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India’s Rahul Gandhi says no, again, to prime minister post

As the scion of a dynasty stretching back to India's independence from Britain in 1947, India’s Congress party wants Rahul Gandhi to be prime minister if it wins the elections. (Reuters)

Rahul Gandhi, the heir apparent of the country’s oldest and most powerful political dynasty, never misses an opportunity to say he is not interested in becoming India’s next prime minister.

But that is the only question his colleagues in the ruling Congress party and journalists seem to be asking him these days.

So, on Tuesday, when a handful of lawmakers and journalists surrounded him inside Parliament for a chat, Gandhi said, according to Indian media reports, “Asking me whether you want to be prime minister is a wrong question.”

The 42-year-old Gandhi added, “The prime minister’s post is not my priority. I believe in long-term politics.”

The last time a member of the Gandhi family was prime minister of India was in the 1980s. In the past nine years, the family has relied on the apolitical economist Prime Minister Manmohan Singh to lead the government.

National elections are scheduled to take place in May 2014. But since Gandhi’s elevation to the position of vice president of the Congress party in January, there has been fevered speculation about his future role.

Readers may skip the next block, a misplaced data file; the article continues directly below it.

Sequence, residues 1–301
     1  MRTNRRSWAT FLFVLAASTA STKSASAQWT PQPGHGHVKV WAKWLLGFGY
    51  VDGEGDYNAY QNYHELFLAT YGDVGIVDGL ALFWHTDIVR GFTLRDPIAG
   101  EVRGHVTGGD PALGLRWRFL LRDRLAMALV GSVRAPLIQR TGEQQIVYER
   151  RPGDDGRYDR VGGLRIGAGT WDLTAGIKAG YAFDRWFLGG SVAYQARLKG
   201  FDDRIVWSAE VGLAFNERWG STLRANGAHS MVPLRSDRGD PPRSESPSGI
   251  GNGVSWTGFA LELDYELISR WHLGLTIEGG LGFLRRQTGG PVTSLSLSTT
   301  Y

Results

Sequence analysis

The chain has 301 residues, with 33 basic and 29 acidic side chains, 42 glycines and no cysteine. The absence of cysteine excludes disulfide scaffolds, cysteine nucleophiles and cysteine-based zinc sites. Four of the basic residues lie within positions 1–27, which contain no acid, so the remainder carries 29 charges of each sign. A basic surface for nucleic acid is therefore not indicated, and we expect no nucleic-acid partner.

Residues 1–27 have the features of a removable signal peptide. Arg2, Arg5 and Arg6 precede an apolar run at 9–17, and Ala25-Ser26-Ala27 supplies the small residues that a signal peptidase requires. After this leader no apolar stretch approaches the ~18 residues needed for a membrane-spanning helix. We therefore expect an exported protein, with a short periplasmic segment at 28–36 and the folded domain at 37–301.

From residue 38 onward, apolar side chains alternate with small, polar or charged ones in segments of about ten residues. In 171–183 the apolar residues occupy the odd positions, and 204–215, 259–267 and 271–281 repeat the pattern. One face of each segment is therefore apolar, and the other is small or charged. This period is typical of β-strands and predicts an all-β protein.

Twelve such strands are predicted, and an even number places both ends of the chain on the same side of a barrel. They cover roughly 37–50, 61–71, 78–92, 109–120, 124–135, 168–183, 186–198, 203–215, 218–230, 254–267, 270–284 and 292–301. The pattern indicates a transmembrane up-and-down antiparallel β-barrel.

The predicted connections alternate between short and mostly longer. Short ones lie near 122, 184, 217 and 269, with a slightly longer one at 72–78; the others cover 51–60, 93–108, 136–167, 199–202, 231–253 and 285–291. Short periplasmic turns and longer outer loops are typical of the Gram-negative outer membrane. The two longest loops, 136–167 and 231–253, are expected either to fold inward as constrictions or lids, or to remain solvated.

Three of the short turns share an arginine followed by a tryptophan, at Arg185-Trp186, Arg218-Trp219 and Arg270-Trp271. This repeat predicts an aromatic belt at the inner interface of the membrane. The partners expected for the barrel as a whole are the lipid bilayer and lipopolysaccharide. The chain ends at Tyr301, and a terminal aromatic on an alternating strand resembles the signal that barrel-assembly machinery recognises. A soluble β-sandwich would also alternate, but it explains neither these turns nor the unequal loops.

The Congress-led coalition government, headed by Singh, is battling a crisis of credibility because of a slowing economy, rising prices and a slew of corruption scandals. The poor image has led to a desperate clamor among party members who believe that only the Gandhi family mystique will help them win the next elections.

Last month, when Congress’s Vijay Bahuguna, who is the chief minister of the northern state of Uttarakhand, demanded that Gandhi be named as the candidate for the top job in the next elections, he was snubbed.

“I don’t want to hear such things in future. . . . We need to focus on the organization,” he was quoted as saying.

On Tuesday, Gandhi also said that he wants to do away with the Congress’s high command culture,” referring to its top-heavy style of functioning, as members often genuflect to the Gandhi family unquestioningly.

In his speech in January, he pledged to dismantle the entrenched elitism of the 127-year-old party.

But Gandhi may be asking for too much.

The Web site for the NDTV 24X7 news channel said Tuesday: “Barely three hours later, Congress spokesperson Rashid Alvi referred to Mr. Gandhi as ‘the high command’ of the Congress and said that while Mr. Gandhi may be prone to ‘sacrifice,’ the party workers want and desire Mr. Gandhi for prime minister.”

What Alvi described as Gandhi’s “sacrifice” was lampooned on Twitter.

“Wrong to ask me about the PM post, says Rahul Gandhi. True. He needs permission to play on the big playground from his mom,” @avkuvalekar tweeted.

“They r interested just in sams! RT @ndtv: Rahul Gandhi says not interested in Prime Minister’s post, party undeterred,” tweeted @abhishekroy.

Rama Lakshmi has been with The Post's India bureau since 1990. She is a staff writer and India social media editor for Post World.

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